The HitchHiker is 20th century satire, probably at its best, which is an implicit condemnation of all other competitors to that title. Adams has a few quotes in these books that rank right up there with the best of them. I particularly liked his description of humankind as - ape descended life forms (who) are so amazingly primitive that they still think digital watches are a pretty neat idea. We humans are prone to be so distracted by novel and neat ideas that we never quite get around to assigning them a value that really reflects their place in the wider scheme of things. This is Adams at his best.
The problem with the Hitchiker is that its message is delivered through farce and farce wears extremely thin after about an hour. After two hours all hope of entertainment is lost and all that remains is gold-mining, sifting through endless grains of sand, in the hopes of finding another nugget that makes the whole enterprise worth while.
Adam's primary message is that the universe is absurd, having no sense or purpose to it at all. He cannot quite break away from his humanist roots and there is within his writing, a certain nostalgic longing for the days when truth and virtue actually meant something to people. But Adams is way too far gone to ever grant his characters any real contact with virtue and truth. The one character who comes closest is probably Trillian, the woman who left earth before it was destroyed in search of ... something. Even here, we see Adams lampooning the idea of virtue as a guide to wisdom. Virtue is too easily mislead to be a strength. It's not a bad point. But it is tiresome to have it endlessly repeated through pie-in-the-face slapstick, even if it is imaginatively done.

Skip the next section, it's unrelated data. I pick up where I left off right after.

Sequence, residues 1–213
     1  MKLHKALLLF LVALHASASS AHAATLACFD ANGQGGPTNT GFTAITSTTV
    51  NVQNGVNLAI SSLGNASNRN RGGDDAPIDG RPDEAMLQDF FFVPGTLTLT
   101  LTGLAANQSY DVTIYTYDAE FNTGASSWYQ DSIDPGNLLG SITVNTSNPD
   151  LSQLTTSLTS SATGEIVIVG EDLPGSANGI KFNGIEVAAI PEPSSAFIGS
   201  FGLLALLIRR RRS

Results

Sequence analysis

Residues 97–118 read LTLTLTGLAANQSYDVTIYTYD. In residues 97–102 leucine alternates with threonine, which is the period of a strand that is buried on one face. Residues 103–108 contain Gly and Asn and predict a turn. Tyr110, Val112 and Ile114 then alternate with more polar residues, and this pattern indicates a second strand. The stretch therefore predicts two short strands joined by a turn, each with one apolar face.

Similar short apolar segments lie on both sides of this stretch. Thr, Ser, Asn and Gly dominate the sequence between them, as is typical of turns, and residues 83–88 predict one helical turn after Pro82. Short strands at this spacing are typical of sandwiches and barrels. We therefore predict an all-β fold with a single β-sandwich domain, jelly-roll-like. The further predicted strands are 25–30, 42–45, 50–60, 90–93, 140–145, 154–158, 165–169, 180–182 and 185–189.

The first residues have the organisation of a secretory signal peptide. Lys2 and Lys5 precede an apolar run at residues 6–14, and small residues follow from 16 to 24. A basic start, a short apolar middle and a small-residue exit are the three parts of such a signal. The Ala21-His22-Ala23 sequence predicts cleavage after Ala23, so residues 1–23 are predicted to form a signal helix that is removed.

There is power in the argument that the world is absurd. But it is the power that lives in the world of impressions, not the world of realism. A fellow called "The Preacher" wrote about that 3500 years ago in a book called Ecclesiastes. He makes the same point a lot more clearly and, quite frankly, with far more zeal.
Live life, enjoy what you get out of it, take pleasure in doing the work God has given you to do and contentment is possible.
But thanks for all the fish anyway.
Wednesday, January 21, 2009
So long, and thanks for all the fish
John A. Van Devender reviews The Hitchhiker's Guide to the Galaxy by Douglas Adams: